Sunday, April 29, 2012

Caiola v. Citibank, N.A. case brief, 295 F.3d 312.

Caiola v. Citibank, N.A.
United States Court of Appeals for the Second Circuit, 2002.
295 F.3d 312.

(Equity Swap Case, don’t care about law)
-Dodd Frank changed this case, situation here no longer true today.

P buying shares of Philip Morris, agreed with bank to do ‘synthetic trading’.
-Borrowing to buy; P was concerned with “footprints”.  He didn’t want people to copy his strategies.

A synthetic transaction is typically a contractual agreement between two counterparties, usually an investor and a bank, that seeks to economically replicate the ownership and physical trading of shares and options.
-P makes periodic interest payments on the notional value of a stock position and also payments equal to any decrease in value of the shares upon which the notional value is based.
-Citibank pays any increase in the value of the shares and any dividends, also based on the same notional value.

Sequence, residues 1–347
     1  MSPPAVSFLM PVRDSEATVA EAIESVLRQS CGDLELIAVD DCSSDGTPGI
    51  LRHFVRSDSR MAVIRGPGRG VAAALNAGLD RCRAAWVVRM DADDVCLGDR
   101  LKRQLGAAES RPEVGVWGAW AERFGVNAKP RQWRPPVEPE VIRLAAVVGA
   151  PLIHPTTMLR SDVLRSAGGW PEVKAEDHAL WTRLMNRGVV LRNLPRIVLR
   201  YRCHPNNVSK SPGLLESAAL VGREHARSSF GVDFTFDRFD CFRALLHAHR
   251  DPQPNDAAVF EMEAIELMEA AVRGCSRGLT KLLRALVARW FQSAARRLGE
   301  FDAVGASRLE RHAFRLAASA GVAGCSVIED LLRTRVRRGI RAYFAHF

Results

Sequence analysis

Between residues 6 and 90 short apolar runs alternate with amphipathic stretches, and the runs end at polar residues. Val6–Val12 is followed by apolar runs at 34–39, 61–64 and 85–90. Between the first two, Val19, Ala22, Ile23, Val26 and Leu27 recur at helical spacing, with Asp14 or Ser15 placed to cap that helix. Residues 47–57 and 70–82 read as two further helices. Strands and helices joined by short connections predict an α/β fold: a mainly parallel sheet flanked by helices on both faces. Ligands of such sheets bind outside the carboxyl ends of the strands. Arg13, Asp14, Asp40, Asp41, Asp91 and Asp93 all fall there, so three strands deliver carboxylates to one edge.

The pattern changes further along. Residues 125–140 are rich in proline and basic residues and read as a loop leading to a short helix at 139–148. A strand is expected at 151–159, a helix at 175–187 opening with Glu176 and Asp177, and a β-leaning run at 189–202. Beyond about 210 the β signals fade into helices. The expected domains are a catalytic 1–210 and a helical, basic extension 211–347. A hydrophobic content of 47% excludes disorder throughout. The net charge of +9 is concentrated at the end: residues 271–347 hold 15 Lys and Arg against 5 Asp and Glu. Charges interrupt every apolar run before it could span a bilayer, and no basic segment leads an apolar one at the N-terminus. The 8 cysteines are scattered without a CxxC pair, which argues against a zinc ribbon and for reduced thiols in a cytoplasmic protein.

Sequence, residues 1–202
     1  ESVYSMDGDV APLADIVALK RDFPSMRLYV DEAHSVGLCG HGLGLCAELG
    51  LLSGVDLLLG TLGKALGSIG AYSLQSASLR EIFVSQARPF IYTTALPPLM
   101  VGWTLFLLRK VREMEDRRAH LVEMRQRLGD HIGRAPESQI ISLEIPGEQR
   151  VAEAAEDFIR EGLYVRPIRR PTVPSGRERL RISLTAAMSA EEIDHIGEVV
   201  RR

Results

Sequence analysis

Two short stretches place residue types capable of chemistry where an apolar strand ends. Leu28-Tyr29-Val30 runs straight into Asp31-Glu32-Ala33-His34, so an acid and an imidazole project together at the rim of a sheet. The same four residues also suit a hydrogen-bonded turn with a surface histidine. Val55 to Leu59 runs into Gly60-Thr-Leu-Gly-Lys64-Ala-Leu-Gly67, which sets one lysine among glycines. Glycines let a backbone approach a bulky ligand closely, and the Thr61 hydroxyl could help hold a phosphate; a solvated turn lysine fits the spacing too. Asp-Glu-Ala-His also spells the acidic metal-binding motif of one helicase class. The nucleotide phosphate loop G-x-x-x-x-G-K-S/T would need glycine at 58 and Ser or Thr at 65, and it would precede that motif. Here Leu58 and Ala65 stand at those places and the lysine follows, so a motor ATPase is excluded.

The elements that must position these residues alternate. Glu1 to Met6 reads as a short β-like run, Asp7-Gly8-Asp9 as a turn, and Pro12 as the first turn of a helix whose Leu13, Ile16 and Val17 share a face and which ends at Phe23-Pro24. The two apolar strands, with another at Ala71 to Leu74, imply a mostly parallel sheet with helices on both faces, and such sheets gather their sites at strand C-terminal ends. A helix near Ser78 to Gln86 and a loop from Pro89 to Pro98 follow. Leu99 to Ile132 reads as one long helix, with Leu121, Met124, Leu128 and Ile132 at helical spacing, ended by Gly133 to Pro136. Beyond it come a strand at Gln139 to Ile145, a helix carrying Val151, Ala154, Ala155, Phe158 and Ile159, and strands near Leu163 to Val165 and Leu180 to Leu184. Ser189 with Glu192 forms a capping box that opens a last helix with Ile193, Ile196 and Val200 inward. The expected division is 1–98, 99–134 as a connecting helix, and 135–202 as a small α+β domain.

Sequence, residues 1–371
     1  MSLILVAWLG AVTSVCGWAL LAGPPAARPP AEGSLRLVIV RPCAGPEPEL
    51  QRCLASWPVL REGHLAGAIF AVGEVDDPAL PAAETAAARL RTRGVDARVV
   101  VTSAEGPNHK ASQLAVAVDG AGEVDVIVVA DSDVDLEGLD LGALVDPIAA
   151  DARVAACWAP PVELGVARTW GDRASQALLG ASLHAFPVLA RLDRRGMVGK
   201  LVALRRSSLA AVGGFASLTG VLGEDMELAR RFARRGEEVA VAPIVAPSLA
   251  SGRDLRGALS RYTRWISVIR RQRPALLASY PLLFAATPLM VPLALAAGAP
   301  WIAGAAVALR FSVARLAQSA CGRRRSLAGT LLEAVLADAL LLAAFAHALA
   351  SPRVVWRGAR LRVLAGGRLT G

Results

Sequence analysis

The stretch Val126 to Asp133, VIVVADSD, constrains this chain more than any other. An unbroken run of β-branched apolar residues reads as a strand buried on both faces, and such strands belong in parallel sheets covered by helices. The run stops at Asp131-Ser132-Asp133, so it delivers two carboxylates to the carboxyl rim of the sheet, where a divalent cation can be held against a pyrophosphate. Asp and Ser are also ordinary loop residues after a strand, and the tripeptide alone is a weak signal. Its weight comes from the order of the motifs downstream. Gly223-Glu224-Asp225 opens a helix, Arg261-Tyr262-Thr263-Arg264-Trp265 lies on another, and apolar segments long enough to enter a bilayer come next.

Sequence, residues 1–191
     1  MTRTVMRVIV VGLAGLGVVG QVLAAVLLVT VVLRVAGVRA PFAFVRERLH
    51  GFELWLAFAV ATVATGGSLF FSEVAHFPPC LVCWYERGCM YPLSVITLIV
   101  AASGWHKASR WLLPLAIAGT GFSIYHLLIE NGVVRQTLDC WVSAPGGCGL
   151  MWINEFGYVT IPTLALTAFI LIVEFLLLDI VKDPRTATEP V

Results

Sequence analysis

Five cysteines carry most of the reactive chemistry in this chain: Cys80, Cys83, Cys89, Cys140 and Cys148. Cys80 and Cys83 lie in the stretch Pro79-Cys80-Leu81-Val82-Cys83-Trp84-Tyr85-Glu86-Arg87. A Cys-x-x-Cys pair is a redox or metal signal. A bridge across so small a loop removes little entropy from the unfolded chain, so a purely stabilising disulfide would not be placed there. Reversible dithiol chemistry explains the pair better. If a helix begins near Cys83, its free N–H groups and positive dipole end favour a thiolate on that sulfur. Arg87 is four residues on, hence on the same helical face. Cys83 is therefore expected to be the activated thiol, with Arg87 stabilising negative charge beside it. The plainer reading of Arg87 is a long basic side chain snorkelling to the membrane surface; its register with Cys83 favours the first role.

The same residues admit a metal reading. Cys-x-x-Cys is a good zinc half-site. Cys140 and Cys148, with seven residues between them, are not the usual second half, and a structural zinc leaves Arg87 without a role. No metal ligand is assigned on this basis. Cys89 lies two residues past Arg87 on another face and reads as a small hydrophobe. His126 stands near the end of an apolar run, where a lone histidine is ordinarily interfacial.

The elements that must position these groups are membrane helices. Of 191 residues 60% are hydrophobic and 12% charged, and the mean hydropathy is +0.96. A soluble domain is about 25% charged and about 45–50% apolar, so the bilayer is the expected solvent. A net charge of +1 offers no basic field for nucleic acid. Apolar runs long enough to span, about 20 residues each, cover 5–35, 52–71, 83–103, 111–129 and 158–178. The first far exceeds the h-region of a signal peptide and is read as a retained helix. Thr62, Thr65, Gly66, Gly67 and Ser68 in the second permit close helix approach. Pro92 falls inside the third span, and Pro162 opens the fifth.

-Citibank: worried about stock increases, puts them at significant risks.
Delta Hedging: Makes a derivative position, such as an option position, immune to small changes in the price of an underlying asset, such as a stock, over a short period of time.
→ How would Citibank hedge the risk?
-Buy the physical stock as a hedge.  However, would leave a footprint.
-They would get interest on the loan still if the stock goes up, but have physical stock.
P → Citibank: hedge a different way.  Buy underlying assets in limited amounts instead.

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